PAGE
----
Red maple is a maple variety that is favored for landscape use across the United States. The tree is hearty from U.S. Department of Agriculture Plant Hardiness Zones 3 to 9, and can be found throughout most of the United States. Red maples are among the first trees to turn red in the fall, the source of their name. The trees must be pruned when they are young to obtain a healthy shape. Pruning a red maple when it is young will reduce the need to prune it when the tree grows older.
Time pruning from late fall through early spring when red maples are dormant. This will help the tree stay healthy.
Sharpen pruning shears before pruning. Always make clean cuts while pruning so that the tree will heal quickly.
Sterilize your pruning shears with bleach before pruning, between pruning individual trees and after cutting away diseased branches to avoid transmitting diseases.
Remove the weaker leader, which is the tree's trunk, of a plant with a forking leader. To do this, prune away the weaker leader just outside of the split where the tree forks. Prune forked limbs at a 45-degree angle starting just outside the ridge of growth between the fork and sloping away from the tree.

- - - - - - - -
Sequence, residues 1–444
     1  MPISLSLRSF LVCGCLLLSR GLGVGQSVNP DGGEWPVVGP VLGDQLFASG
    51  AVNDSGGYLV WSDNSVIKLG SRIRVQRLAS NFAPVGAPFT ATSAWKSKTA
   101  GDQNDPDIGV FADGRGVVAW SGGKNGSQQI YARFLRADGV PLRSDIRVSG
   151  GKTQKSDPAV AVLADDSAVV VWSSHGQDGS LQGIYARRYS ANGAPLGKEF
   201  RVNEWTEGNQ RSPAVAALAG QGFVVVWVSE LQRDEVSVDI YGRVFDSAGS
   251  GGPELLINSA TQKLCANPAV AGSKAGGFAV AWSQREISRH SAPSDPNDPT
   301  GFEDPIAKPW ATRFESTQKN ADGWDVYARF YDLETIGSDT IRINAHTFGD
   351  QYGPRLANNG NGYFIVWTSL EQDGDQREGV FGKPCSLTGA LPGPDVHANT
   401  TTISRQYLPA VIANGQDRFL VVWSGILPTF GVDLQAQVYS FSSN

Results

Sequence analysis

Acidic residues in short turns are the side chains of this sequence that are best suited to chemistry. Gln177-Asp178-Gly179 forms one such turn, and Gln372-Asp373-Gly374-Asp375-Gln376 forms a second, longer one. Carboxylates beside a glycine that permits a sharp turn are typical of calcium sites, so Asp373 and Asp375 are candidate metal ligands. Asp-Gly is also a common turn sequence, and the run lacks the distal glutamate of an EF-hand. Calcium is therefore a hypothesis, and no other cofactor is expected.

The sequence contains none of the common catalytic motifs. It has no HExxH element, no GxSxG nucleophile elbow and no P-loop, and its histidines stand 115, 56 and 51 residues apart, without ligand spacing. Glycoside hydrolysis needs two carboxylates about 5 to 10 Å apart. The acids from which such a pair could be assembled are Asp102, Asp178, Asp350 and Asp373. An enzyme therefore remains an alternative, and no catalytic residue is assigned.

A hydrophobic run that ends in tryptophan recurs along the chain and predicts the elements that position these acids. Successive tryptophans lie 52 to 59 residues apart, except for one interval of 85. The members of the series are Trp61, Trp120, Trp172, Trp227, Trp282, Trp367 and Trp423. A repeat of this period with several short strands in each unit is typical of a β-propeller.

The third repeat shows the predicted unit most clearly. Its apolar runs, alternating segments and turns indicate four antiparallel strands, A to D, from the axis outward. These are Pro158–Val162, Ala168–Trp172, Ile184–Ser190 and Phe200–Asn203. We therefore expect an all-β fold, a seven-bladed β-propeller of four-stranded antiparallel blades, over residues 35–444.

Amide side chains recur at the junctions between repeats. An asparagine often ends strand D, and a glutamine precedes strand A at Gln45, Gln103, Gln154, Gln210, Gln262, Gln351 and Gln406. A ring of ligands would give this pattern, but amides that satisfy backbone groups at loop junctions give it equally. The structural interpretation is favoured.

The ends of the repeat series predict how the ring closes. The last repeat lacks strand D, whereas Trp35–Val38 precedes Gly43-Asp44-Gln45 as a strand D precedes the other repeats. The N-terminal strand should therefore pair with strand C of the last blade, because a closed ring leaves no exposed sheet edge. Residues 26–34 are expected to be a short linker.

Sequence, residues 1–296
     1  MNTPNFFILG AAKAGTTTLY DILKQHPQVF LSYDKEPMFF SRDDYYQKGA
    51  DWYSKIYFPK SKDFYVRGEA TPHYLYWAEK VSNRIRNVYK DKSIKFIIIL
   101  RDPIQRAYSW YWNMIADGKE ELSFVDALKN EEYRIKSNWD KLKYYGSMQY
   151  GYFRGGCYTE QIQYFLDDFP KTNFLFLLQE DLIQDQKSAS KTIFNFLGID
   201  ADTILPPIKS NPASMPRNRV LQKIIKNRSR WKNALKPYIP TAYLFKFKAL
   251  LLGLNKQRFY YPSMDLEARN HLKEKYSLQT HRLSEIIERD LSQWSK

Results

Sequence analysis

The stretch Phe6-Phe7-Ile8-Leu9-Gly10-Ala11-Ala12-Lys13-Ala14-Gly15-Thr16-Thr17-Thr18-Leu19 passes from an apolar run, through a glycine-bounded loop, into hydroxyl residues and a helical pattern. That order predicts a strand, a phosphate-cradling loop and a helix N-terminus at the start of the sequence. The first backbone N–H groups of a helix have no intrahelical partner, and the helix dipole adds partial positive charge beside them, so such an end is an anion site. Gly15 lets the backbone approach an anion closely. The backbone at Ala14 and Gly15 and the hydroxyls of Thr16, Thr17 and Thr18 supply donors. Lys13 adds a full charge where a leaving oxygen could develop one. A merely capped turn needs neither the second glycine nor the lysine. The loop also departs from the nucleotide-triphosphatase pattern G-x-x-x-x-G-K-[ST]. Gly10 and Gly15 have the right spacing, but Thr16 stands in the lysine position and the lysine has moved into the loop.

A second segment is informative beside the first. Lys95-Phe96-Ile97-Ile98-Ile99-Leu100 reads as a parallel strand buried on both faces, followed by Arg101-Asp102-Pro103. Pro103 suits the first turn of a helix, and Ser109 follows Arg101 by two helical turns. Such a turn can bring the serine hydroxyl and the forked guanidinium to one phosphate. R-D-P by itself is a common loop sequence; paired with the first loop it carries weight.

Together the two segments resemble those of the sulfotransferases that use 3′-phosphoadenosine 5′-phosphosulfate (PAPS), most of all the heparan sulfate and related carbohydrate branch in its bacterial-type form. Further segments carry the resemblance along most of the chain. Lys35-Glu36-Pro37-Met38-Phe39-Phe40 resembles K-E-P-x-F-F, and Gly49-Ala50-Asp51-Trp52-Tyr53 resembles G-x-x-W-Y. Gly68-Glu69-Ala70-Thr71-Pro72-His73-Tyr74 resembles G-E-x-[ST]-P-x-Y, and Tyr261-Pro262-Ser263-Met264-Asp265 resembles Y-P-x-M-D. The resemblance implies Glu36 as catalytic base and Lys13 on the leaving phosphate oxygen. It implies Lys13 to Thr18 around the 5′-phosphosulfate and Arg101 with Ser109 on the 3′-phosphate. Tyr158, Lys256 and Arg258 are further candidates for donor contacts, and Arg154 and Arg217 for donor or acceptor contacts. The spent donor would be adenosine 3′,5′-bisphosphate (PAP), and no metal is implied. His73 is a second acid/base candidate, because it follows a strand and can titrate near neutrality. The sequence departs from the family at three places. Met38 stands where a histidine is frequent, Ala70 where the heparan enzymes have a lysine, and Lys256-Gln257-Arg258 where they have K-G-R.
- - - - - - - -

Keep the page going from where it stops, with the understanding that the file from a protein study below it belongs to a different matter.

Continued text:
Prune away limbs that rub on others or cross the center of the tree's mass. Also, prune away branches that grow at weak, narrow angles or grow too closely to one another.
Take away sucker growth and waterspouts. Sucker growth is growth that appears at the bottom of the tree. Suckers will steal the tree's energy and stunt its growth. Water spouts are tiny limbs that grow out of a larger limb of the tree.
Remove all dead, damaged or diseased limbs.
Head back tall branches by cutting them just above an active bud. This will help preserve a red maple's rounded shape.